A week before I was to be admitted, my mother came to help out. She wasn’t thrilled about my luggage situation. I was taking a LOT of stuff to the hospital. My friend Donna Appell had given me some excellent advice. She suggested thinking of being in the hospital as just a change in geography. When I was admitted, I should do what I could to make my hospital room my own. I should establish a routine for the day, just like I was doing at home to cope. So, that is what I did. I packed to turn my hospital room into my office and art studio. The thing I dreaded most was being stuck in there unable to do anything but think of my ever quickening demise. If it took packing three suitcases full of a bunch of stuff it turned out I’d never need to make it possible for me to walk into that hospital, then that is what it would take. Tough luck - HPS Washington DC office was moving to Inova Fairfax Hospital and that was the way it was going to be.



During that last week I had a couple of close calls that brought home my decision was the right one, even if it were a hard one. There were a few times my oxygen dipped so low when I was coughing, that I had to put a high flow cannula in my nose from an oxygen tank at 15 liters, and a mask on my face from the concentrator at 10 liters, just to get my oxygen saturation number to come back up again. It was scary and getting a little dangerous. Several times I wondered if I shouldn’t wait for the next clinic appointment to be admitted. Perhaps I should call the coordinator and go ahead and go?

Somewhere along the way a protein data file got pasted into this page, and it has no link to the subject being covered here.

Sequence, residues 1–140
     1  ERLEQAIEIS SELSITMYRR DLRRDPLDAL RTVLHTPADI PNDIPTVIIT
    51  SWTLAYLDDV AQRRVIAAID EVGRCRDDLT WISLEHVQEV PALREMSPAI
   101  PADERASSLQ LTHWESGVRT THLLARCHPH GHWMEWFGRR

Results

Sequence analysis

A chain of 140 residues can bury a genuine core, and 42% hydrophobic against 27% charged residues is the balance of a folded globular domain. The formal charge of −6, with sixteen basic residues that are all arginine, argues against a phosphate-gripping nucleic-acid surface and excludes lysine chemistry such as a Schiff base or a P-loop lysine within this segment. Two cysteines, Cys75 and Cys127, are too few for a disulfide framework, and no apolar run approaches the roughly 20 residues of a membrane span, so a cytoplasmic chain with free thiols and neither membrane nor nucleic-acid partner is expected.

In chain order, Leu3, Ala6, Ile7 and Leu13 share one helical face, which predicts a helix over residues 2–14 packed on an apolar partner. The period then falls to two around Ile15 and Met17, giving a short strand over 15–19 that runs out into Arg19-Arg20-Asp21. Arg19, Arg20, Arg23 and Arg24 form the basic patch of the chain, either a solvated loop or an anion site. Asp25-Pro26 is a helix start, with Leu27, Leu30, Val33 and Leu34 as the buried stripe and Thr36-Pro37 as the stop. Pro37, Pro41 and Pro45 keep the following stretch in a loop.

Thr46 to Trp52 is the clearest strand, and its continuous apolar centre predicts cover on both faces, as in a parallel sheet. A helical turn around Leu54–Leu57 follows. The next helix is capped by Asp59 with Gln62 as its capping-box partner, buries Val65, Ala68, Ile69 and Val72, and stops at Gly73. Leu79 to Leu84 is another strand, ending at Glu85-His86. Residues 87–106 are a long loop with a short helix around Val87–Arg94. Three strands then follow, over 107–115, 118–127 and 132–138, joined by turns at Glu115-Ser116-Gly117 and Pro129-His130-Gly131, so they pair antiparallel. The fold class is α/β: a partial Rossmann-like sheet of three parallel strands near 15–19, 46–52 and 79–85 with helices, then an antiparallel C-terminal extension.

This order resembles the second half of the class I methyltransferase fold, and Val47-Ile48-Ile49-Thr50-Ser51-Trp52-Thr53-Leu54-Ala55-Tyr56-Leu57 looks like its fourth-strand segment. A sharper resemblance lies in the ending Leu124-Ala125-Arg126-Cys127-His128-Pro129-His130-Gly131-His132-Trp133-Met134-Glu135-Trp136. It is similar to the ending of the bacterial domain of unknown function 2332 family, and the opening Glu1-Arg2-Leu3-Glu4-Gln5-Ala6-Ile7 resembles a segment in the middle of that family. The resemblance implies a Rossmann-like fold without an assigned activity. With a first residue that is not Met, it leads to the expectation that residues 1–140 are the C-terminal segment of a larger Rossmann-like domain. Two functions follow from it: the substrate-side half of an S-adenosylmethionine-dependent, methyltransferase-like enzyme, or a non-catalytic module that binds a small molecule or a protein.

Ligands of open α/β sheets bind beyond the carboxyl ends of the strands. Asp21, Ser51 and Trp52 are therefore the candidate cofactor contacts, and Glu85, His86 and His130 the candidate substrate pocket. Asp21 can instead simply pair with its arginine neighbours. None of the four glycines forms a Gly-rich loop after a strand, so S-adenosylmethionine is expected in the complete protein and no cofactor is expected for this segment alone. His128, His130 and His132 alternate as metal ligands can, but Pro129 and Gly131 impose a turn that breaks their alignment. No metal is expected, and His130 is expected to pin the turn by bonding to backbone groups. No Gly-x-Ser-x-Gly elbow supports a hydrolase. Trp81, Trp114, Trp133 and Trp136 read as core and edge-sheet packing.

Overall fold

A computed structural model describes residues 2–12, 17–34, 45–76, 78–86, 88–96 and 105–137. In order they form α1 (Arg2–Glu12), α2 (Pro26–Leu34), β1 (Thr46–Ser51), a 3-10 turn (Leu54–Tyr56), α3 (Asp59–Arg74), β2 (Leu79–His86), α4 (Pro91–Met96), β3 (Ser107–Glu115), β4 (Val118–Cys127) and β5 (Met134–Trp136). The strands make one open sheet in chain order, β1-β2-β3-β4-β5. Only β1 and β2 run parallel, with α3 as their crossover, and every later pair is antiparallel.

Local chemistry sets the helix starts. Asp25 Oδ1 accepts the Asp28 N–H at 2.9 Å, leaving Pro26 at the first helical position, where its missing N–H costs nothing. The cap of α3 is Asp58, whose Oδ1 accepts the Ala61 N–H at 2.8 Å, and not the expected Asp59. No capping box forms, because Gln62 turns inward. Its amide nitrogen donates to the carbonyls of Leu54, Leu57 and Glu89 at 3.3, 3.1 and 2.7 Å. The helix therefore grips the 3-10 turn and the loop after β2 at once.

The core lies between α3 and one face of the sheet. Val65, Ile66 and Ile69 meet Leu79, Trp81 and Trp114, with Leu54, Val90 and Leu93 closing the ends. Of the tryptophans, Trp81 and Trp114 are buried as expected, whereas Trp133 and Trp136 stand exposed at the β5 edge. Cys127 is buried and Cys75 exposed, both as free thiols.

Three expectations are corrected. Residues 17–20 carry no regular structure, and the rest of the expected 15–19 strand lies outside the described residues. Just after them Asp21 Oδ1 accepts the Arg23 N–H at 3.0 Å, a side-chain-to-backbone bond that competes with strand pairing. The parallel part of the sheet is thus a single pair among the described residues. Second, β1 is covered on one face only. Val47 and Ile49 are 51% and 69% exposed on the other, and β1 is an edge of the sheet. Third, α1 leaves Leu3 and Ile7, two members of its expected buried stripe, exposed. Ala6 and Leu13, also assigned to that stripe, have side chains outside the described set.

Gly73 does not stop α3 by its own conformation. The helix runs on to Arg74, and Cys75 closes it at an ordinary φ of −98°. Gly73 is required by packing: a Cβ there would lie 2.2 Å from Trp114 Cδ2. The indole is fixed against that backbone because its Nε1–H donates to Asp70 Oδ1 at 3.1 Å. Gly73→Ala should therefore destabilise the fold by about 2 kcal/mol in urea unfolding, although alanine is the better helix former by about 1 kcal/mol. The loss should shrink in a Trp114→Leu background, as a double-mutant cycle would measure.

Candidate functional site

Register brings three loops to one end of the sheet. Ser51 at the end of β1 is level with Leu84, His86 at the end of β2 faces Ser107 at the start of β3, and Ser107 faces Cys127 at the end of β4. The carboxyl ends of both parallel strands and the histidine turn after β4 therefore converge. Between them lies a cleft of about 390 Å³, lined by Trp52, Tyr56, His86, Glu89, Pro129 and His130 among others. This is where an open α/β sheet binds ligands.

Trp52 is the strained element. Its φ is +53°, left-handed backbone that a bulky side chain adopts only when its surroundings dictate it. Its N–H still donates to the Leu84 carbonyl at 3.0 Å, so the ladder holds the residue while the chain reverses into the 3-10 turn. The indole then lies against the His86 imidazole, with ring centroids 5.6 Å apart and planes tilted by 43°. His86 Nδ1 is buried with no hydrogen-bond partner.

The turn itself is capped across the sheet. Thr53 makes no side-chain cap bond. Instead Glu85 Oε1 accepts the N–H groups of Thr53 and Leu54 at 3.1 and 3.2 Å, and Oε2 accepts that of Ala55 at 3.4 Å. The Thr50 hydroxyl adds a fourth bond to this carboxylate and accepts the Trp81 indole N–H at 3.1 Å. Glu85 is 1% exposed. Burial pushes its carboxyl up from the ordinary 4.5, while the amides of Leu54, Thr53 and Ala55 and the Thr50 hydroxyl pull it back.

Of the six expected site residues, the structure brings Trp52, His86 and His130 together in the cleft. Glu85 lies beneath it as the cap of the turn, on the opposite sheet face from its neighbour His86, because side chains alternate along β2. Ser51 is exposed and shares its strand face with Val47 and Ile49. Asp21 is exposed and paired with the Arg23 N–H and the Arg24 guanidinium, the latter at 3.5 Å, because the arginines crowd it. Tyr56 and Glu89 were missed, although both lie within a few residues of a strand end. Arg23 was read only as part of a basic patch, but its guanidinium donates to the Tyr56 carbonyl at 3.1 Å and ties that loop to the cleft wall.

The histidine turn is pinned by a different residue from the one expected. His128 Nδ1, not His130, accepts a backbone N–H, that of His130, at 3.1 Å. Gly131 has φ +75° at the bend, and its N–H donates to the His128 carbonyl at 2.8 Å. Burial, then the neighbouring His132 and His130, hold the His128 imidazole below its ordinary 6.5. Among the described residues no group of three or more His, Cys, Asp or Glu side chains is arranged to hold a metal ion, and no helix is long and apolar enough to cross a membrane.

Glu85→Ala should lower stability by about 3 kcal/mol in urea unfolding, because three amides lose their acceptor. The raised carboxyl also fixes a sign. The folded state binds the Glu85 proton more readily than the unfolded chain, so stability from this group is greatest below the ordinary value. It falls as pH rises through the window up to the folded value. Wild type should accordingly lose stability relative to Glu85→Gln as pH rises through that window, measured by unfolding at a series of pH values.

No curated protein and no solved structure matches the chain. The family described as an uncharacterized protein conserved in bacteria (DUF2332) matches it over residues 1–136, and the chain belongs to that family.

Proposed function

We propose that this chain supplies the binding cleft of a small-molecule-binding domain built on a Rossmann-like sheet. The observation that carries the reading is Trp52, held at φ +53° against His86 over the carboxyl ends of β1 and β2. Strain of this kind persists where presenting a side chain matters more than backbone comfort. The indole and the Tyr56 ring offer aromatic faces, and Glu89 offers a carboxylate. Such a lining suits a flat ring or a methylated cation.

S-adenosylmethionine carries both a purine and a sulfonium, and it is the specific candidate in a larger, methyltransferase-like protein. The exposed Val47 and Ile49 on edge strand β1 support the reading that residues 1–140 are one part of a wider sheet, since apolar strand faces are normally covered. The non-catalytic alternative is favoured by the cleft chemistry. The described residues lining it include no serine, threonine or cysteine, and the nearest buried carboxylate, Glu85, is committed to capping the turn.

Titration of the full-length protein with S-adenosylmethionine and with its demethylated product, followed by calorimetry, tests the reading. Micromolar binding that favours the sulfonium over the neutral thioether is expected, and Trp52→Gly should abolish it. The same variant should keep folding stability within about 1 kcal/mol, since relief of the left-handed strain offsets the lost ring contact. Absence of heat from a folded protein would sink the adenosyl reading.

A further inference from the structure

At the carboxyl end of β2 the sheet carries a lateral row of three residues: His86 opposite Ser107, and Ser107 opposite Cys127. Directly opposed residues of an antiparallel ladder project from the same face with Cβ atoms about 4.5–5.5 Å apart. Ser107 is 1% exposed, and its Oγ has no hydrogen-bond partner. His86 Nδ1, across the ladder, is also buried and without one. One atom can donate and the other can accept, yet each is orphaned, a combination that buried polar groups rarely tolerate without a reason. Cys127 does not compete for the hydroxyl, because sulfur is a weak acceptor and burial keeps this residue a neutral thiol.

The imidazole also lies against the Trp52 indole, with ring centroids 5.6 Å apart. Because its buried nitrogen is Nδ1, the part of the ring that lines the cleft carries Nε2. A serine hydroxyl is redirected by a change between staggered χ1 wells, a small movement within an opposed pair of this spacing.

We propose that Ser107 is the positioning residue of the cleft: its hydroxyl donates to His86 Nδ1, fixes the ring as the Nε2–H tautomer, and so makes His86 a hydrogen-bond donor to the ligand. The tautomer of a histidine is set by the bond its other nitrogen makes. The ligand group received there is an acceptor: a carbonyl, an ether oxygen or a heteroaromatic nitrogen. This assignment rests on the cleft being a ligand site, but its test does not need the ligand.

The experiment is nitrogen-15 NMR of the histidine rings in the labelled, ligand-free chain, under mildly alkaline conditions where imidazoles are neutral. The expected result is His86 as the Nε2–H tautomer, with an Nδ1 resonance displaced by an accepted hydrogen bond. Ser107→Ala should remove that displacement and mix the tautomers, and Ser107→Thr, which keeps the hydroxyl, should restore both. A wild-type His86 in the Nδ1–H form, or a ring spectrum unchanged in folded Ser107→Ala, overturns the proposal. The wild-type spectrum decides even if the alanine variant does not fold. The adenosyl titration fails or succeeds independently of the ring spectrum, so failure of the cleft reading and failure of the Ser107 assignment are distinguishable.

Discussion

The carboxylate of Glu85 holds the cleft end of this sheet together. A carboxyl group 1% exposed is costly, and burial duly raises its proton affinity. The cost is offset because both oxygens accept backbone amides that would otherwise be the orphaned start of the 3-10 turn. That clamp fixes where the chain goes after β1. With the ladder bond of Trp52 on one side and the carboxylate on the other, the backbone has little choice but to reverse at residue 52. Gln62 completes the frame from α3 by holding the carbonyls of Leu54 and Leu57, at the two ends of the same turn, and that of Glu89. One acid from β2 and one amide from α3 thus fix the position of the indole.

The day finally arrived for our appointment and admission. The appointment wasn’t until the afternoon, so I’d left several last-minute things to do that morning. My coordinator called, however, and asked if it would be possible for us to come in that morning. I wanted to stomp my foot and say no – this day is hard enough for me already and I’m working with a plan here. Yet, I’m just not that kind of girl. I said we’d be there as soon as we could pull together these last-minute items. It was a blessing that she rushed us. I didn’t have too much of a chance to think about everything. I would have probably been ready by noon and spent the next two hours holding Finley and crying. Now, I didn’t have time. We rushed out the door. I remember looking back at Finley as I shut the front door to lock it. He was looking up at me the way he does every time I leave. Suitcases had come out, so I know he knew something more than the routine was up. But, he looked up at me with his beautiful eyes and all I could think of was how it might be the last time I would ever see him. You can’t explain to a dog what is happening. I was worried he’d think I just abandoned him if I never came home.



The taxi was waiting. The suitcases were being loaded. I couldn’t fall apart. I didn’t want to make it harder on everyone else. It was time to leave.